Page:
When the sudden appearance of a dark figure shatters his idyllic coastal life, he soon realizes that the murky past he thought he’d left behind has far from forgotten him. What’s more unsettling is the strange atmosphere that engulfs him at every sighting, plunging his mind into a terrifying paranoia.
To be a victim without knowing the tormentor. To be despised without knowing the offence caused. To be seen by what nobody else can see. These are the thoughts which plague his every waking moment.
Imprisoned by despair, Seb fears his stalker is not working alone, but rather is involved in a wider conspiracy that threatens everything he has worked for. For there are doors in this world that open into unknown places with their own rules. Places used by the worst kind of people to achieve their own ends. And once his investigation leads him to stray across the line and into mortal danger he risks becoming another fatality in a long line of victims . . .
If memory serves, I first thought of much of this story as far back as 2003 and partially developed it in a long short story (‘Yellow Teeth’). This novel concerns itself with the consequences of an unpleasant individual returning to a horror writer’s life. In one sense it is a tale of literary rivalry and a toxic friendship, but this novel also marks a return to my roots, in that the novel is more M. R. Jamesian than any of my novels since Last Days. Writing No One Gets Out Alive and Lost Girl left me feeling winded and a bit flat – they took a lot of research and writing and seemed to exhaust all of my energy. I don’t want to sound phoney, but I did wonder if I could write another story that “mattered” as much to me as those two novels do. Those that have read the books know that they don’t pull any punches, nor make light of what’s at stake for the characters, and even the world’s future.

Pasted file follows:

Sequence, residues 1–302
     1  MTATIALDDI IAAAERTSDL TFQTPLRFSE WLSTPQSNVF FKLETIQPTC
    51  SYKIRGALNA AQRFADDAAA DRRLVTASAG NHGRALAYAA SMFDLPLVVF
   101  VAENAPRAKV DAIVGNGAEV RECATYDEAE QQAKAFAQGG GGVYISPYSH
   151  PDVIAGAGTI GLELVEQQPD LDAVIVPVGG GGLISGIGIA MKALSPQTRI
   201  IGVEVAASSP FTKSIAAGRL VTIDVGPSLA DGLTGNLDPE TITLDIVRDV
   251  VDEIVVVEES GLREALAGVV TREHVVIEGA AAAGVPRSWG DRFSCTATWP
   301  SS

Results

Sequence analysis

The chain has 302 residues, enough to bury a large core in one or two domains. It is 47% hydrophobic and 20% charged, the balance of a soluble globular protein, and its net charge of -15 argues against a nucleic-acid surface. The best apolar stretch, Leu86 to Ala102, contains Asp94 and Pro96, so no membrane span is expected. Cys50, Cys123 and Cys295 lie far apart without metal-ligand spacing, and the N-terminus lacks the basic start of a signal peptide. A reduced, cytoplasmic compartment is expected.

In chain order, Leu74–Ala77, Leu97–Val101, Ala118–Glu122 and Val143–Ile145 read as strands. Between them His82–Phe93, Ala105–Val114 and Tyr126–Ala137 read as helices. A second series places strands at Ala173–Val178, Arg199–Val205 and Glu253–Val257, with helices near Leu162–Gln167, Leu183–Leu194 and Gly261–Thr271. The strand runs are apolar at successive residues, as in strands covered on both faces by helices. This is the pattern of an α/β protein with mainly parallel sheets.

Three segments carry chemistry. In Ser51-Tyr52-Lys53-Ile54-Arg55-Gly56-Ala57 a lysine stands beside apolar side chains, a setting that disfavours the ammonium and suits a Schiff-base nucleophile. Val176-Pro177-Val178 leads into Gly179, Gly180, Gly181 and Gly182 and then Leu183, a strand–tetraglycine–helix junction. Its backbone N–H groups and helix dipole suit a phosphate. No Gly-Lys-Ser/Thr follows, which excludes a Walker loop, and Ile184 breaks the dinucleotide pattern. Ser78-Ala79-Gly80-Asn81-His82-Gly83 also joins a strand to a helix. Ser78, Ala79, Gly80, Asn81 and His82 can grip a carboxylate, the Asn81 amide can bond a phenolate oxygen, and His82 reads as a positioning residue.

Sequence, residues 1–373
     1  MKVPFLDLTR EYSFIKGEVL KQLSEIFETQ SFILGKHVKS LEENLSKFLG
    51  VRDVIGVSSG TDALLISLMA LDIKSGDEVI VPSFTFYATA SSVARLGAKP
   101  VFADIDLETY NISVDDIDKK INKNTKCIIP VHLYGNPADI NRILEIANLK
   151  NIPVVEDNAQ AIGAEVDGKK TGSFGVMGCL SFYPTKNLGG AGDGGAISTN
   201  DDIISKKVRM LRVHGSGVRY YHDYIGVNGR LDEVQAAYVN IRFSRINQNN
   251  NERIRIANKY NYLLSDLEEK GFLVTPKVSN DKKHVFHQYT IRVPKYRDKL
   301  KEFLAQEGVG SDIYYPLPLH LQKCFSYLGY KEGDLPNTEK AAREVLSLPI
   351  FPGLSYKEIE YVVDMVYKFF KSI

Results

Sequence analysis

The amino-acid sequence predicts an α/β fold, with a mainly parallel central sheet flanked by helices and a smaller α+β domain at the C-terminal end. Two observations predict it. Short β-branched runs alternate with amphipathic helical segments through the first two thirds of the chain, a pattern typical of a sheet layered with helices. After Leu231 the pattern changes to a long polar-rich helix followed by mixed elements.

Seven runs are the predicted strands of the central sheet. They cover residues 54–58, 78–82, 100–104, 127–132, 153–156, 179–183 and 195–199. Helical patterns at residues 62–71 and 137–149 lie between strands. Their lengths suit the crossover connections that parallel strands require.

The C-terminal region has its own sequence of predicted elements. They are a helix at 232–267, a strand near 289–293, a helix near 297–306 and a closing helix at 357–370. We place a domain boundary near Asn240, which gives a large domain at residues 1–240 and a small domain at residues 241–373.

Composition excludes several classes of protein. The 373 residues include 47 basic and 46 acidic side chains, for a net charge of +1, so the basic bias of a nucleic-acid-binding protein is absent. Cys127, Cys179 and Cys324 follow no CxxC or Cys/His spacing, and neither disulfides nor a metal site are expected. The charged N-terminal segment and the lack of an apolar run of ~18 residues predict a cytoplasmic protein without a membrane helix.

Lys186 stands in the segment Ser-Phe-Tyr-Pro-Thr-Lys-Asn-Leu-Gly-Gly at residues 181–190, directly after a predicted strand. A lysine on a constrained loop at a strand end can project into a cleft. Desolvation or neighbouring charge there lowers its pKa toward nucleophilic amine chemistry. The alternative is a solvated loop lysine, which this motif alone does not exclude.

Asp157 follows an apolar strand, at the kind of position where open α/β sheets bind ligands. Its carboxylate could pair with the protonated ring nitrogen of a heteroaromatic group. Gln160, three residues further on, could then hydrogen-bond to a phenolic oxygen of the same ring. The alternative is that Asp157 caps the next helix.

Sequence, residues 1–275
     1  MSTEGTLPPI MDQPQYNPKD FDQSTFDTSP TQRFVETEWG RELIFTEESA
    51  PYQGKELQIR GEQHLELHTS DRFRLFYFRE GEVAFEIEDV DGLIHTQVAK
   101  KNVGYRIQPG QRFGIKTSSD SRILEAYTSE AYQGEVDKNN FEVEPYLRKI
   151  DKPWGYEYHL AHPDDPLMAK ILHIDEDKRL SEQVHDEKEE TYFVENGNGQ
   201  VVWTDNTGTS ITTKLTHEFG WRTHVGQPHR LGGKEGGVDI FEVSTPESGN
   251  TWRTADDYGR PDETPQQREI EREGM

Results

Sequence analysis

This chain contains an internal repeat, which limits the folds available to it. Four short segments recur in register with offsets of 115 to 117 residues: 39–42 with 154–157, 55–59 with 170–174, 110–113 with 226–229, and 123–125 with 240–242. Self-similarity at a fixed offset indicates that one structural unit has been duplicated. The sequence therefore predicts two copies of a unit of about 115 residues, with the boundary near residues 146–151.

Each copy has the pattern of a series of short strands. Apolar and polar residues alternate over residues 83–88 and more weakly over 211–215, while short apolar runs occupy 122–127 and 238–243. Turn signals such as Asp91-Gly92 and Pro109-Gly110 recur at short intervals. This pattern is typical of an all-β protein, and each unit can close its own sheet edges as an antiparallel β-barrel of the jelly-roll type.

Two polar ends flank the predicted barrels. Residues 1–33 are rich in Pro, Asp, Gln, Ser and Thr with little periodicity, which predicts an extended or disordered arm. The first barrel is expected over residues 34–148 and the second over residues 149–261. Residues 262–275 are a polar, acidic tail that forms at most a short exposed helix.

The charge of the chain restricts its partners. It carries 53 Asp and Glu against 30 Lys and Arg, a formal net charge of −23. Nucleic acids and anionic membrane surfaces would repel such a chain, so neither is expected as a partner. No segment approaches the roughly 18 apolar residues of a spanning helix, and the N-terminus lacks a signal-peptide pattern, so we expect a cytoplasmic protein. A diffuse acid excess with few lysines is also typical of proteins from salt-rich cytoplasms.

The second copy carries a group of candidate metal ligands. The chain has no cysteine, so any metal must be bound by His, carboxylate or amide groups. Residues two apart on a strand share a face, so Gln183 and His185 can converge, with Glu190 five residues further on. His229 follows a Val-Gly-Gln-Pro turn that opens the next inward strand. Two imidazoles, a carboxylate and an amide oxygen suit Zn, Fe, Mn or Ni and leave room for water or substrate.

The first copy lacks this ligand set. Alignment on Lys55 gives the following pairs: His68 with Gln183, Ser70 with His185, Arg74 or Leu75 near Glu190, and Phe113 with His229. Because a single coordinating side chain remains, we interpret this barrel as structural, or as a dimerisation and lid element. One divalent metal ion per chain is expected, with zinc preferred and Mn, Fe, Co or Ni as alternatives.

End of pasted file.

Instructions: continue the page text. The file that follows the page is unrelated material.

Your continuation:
As a kind of creative relief, I decided to write a new story directly from my “classic” horror roots, while also touching upon the themes of writing itself, and literary horror. But this doesn’t mean that I am slipping on the safety catch or dulling my edge. Readers will discover a tale of psychic terror inhabited by some of the most ghastly supernatural entities that I’ve yet dared to imagine.
And to my mind, as I wrote the book, not only was the story a return to my beginnings, it also became a strange distant cousin to Last Days. I don’t want to give too much away, but the story also encompasses my taste for unusual spiritual beliefs and organisations, odd counter-culture figures, and people haunted to the end of themselves …
The first six months of writing was hard going, but I gradually began to feel revitalised and recharged and am very pleased with the finished novel. When I finally typed “The end” I knew that I’d rediscovered the same levels of intensity and inspiration that were responsible for each of my preceding novels.
I’m in talks with my publisher to see if I can arrange something special for readers ahead of publication too.